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James M. Heseldin [1887-1969]



[From the catalogue-in-progress for “Landscapes & Livestock”, a loan exhibition for Agincourt Homecoming in the Fall of 2015]

HESELDIN, James Marshall [1887-1969]

“St Paul’s Chapel (Fulton Street on Broadway)”


watercolor on paper / 19 inches by 13.25 inches

Born in England, James Heseldin arrived in the United States just prior to World War I. He used his artistic skills to support the war effort, working as a camoufleur in World War I. When the war ended, Heseldin served an apprentice in a New York architectural firm, and his subsequent paintings reveal his skill as a master draftsman. His watercolors depict New York monuments built at a triumphant moment in our nation’s economic and architectural history, serving as a beautiful rendition of the city’s grandeur. Heseldin eventually became an American citizen, although he returned to England at the end of his life.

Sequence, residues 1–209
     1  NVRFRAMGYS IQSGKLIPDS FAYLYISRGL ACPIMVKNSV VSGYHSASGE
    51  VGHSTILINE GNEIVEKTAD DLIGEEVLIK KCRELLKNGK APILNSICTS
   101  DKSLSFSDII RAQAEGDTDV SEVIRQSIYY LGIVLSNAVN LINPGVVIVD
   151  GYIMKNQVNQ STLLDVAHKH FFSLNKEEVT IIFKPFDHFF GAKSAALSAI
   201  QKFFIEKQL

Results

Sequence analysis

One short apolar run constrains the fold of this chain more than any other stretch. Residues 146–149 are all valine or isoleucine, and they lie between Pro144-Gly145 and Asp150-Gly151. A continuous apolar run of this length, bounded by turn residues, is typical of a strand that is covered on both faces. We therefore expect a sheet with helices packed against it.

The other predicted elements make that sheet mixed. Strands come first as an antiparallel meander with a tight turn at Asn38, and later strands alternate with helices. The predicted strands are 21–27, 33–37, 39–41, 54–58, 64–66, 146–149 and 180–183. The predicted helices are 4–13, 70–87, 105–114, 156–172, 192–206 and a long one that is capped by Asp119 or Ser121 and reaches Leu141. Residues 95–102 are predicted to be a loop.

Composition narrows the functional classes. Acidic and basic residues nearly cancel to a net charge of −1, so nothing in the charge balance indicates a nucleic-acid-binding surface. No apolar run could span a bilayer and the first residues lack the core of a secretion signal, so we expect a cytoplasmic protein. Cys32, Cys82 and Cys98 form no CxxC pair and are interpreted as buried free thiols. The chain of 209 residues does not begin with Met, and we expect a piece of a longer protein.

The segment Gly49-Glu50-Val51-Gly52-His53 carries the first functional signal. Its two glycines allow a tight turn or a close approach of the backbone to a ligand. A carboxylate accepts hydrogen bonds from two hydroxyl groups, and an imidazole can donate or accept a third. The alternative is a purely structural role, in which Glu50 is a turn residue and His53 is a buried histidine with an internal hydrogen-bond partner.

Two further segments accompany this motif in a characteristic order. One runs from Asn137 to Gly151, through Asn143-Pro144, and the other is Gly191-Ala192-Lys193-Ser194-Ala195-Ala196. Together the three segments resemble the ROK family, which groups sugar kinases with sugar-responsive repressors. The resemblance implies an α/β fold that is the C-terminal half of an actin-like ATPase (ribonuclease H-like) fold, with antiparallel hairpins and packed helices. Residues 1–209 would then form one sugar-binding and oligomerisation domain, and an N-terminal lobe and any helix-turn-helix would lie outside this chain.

The Heseldin becomes more interesting when paired with Edward Weise’s “Saint Martin-in-the-Fields, London” of 1917, another architectural study. This watercolor was once owned by Lucy Tennant Tabor, older sister of architect Anson Tennant, purchased by her after he was thought to have disappeared with RMS Lusitania in 1915.

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